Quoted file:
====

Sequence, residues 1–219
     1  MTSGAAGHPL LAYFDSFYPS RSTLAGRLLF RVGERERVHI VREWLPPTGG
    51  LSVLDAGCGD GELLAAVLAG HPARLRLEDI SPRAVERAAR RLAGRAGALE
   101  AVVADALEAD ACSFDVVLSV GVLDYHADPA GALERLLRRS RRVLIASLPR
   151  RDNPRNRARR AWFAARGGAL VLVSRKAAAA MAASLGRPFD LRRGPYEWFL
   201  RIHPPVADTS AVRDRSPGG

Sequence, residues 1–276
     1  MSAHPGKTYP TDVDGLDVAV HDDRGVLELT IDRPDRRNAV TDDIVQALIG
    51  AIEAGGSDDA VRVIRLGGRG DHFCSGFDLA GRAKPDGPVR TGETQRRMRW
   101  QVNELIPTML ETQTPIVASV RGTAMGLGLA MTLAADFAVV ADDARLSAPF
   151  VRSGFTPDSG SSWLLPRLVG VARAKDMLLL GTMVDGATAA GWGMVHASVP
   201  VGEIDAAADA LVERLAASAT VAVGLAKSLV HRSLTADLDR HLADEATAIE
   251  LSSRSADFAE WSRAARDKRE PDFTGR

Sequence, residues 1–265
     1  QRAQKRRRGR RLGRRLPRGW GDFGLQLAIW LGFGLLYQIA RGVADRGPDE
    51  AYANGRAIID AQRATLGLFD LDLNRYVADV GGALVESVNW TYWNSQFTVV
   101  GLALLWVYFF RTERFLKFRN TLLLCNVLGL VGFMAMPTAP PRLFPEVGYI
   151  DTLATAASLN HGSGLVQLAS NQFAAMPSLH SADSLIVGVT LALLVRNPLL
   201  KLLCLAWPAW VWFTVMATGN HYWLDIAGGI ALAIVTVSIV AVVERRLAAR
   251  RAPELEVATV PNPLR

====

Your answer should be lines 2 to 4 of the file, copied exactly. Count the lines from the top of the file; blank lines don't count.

     1  MTSGAAGHPL LAYFDSFYPS RSTLAGRLLF RVGERERVHI VREWLPPTGG
    51  LSVLDAGCGD GELLAAVLAG HPARLRLEDI SPRAVERAAR RLAGRAGALE
   101  AVVADALEAD ACSFDVVLSV GVLDYHADPA GALERLLRRS RRVLIASLPR